“We were just messing around with it one day,” Billy recalled. “Dave Roe is the bass player who usually plays with me. I said, ‘Let’s take a little bass solo after this.’ He does just that.  I kinda needed for it to be different. We’d actually cut it for the first time on a live album that I did up in New York for the Chesky Brothers that was direct to tape, no overdubs or whatever. And I used to do it every night with Fleetwood Mac.  That was one that I was designated to do with them. And I’d been doing it years previous with our band, Zoo.”

Rock n’ Roll pedigree

Other standout tracks on the album include a suitably raucous ‘She’s Burning the Honky Tonk Down’ and the title track, ‘Crazy Like Me,’ but there’s not a dud on the project. As Billy said, “Rock n/ Roll is part of my DNA.”  In his case, looking at his pedigree, it is literally true.

Unlike most books about the rock n’ roll era, ‘Crazy Like Me’ doesn’t try to analyze the phenomenon.  Rather it reads like a private conversation with Billy as he recounts amazing episodes that shaped his life and changed music forever.   Dive in anywhere and you’re hooked.  Even better: read it while listening to the music on the ‘Crazy Like Me’ album. Immerse yourself in a world of rock n’ roll.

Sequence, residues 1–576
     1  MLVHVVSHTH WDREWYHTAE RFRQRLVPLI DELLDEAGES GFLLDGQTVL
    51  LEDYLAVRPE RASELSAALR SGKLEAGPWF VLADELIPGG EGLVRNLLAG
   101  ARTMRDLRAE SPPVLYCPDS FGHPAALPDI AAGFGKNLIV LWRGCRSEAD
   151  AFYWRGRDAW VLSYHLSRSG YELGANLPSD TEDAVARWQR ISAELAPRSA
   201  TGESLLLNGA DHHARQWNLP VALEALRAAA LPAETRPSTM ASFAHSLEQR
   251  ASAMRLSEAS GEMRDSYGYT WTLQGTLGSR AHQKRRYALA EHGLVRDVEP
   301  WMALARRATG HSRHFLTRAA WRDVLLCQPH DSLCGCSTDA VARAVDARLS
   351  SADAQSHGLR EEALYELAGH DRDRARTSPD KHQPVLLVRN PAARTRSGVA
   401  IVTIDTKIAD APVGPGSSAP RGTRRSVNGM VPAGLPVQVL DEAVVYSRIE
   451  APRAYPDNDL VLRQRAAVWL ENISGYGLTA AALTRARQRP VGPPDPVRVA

I asked Billy, if he could sum up his life in one word, what would it be?

He immediately replied, “Rock!”  Then added, “Well… rock n’ roll!”

Rock n’ roll is definitely in Billy Burnette’s DNA.

Both the book and CD are available at Amazon and wherever books and music are sold. More at www.billyburnette.net and on Facebook @billyburnetterockabilly

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PHOTOS:

Billy Burnette in his home studio, looking over some of his many pieces of memorabilia. Photo credit: Preshias Harris

Billy Burnette in New York. Photo credit: Chesky Records